Saturday, 21 January 2017

Healed to Pray

Part 2 of the amazing things God did during my recent trip to Hong Kong for a celebration of Jackie Pullinger’s ministry.


Jackie’s Jubilee celebrations were a joy and a delight.  It was almost 30 years since I was a helper at St Stephen’s Society and yet as I walked into the worship marquee on the site of the old Walled City, the sense of praise and worship was just as strong, just a vibrant as all those years ago.

God did some amazing things in me during the weekend.  I have already written about one strand, but there was more.  Another special thing God did, was to heal me of a deep scar which had been inhibiting my Christian life and ministry for over a decade.

Thirteen years ago, when I was a vicar in Brixton, London, my wife Mel suffered a horrific road accident.  She was dragged under the wheels of an 18-ton truck while riding her bicycle and when the truck came to a stop, her pelvis was shattered, half of one thigh was missing and she had huge wounds.

Mel was blessed to survive for which we thank God, but the accident led to months and months in hospital, scores of operations, and immense pain.  Even with all the medical technology available, it took 3 years for her wounds to finally close, with painful daily dressings, procedures, and infections all adding to her agony.

For me it was almost unbearable, to watch her going through such pain. Even when maxed out on morphine and other pain relief, the pain was more than she could bear.  So I sat with her, holding her hand and praying for God to take away (or just reduce) the pain.  I did this day after day, week after week, month after month.  Around the UK, hundreds of people were also praying for the same thing. I don’t know why, but our prayers were not answered.  Her agony continued unabated.

The effect of this on my faith is hard to express.  In Hong Kong thirty year ago, I had prayed every day for new brothers coming off heroin and I had seen God do wonderful things.  After a while I had to remind myself that we were seeing miracles almost every day as God took away their pain and suffering.  Yet now, for the person who I loved more than anyone else in the world, those prayers went unanswered.

As the weeks and months rolled on, a kind of fatigue set in.  It became harder and harder to pray for healing, until one day I realised that I couldn’t minister to people in prayer anymore. I could say prayers for them – but I couldn’t minister to others in prayer like I did before.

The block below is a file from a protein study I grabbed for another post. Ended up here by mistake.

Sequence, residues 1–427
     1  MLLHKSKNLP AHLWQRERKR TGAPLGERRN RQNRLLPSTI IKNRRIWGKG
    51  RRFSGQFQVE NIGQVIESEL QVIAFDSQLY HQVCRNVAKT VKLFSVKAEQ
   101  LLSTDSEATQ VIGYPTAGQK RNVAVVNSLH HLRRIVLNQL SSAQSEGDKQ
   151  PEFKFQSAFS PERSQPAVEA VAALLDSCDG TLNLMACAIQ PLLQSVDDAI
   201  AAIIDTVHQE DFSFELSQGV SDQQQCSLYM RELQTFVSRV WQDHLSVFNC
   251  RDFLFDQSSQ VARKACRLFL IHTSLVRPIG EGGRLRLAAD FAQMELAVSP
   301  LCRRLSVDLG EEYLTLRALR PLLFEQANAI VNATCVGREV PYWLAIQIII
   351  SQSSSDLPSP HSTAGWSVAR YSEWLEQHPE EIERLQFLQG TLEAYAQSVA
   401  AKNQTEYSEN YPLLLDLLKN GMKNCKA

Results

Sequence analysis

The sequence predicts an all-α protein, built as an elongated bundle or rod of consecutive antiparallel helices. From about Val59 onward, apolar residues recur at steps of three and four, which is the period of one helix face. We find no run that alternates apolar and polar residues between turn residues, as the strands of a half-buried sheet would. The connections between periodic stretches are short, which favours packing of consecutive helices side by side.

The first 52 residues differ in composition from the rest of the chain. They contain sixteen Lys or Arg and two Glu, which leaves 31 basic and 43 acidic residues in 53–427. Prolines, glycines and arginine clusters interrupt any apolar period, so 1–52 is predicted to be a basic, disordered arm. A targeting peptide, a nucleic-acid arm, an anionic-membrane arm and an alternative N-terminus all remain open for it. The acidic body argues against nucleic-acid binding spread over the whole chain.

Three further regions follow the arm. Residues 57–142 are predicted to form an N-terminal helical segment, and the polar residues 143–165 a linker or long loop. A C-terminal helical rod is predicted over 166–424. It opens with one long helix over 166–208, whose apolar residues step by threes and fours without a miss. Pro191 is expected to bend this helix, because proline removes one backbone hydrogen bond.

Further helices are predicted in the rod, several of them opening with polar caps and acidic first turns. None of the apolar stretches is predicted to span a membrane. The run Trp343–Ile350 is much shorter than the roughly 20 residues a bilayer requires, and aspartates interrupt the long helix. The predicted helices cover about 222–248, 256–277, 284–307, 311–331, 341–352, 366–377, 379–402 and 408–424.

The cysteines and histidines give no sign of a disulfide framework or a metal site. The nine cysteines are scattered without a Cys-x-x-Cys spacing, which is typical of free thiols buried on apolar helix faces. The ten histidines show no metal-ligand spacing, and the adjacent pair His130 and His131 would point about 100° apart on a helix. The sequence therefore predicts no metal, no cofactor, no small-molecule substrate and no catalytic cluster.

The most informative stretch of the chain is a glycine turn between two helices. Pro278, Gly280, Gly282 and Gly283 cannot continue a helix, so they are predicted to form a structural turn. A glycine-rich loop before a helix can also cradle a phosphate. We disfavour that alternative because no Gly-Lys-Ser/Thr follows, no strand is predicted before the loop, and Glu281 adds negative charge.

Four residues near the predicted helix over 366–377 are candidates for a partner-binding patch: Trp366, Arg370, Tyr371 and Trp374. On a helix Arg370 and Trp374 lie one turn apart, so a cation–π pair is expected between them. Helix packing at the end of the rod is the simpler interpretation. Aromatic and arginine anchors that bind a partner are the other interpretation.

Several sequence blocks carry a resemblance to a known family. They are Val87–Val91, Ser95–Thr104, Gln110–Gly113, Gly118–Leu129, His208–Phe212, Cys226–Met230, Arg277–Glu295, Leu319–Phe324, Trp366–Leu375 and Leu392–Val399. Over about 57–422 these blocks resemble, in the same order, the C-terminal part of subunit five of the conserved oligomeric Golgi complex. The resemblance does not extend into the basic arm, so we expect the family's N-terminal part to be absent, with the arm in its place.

As a vicar, this was really difficult.  People often ask vicars for prayer for all kinds of different things.  Before Mel’s accident I would instinctively say “Right – lets pray then!” and spend time with them, seeking God and ministering in the Holy Spirit.  Sometimes I saw God act directly, sometimes not, but now I found myself unable to do that anymore.  I was even frightened of people asking me for prayer.  If they did, I would often promise to remember them in my prayers, and even say a short prayer, but there was no expectation – it had all been drained away.  I knew this wasn’t right.  It was like a dark cold wall cutting a part of me off from God and the ministry he had called me to.

Walled City before its demolition

So as I came back to Hong Kong for Jackie’s Jubilee, I came with both hope and fear. 

Hopeful that God would do something in me but fearful that he wouldn’t, that the dark cold wall would remain.


Over the weekend a wonderful thing happened.  In the praise and worship, in the prayer ministry I received and in the profound sense of God’s presence there, God melted that cold dark wall.  I didn’t even realise it was happening at first, but by the second day, I remembered the principle we were always encouraged to embrace at St Stephen's Society.  If you aren’t receiving ministry, go look for someone else who needs ministry and pray with them.